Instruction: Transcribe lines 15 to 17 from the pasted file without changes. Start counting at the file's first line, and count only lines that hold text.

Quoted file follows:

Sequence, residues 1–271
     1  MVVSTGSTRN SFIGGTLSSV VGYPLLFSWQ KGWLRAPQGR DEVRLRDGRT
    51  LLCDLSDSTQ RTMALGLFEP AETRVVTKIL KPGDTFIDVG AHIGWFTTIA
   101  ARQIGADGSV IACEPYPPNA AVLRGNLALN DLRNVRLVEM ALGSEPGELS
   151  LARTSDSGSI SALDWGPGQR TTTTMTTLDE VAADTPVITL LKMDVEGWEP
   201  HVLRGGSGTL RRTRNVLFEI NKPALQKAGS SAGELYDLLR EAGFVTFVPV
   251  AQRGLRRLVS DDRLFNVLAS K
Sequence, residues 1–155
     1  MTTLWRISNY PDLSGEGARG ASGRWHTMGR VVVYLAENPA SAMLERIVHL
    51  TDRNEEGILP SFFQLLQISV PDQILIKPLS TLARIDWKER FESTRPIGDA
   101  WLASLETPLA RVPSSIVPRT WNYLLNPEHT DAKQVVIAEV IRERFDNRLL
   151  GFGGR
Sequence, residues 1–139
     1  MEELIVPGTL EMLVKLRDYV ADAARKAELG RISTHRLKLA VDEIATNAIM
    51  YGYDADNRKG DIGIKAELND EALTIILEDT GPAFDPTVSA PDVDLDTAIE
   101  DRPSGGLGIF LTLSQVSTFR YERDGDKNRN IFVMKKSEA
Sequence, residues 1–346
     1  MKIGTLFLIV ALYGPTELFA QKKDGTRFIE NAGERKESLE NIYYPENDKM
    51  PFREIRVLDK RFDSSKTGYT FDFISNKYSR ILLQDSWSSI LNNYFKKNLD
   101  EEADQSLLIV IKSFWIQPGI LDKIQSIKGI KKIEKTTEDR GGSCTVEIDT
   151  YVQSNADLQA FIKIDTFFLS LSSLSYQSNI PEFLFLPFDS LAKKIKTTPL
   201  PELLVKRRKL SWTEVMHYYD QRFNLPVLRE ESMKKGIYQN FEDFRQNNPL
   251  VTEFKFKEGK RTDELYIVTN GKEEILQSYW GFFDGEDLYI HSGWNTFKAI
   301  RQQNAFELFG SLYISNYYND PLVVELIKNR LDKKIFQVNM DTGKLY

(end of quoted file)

    51  YGYDADNRKG DIGIKAELND EALTIILEDT GPAFDPTVSA PDVDLDTAIE
   101  DRPSGGLGIF LTLSQVSTFR YERDGDKNRN IFVMKKSEA
Sequence, residues 1–346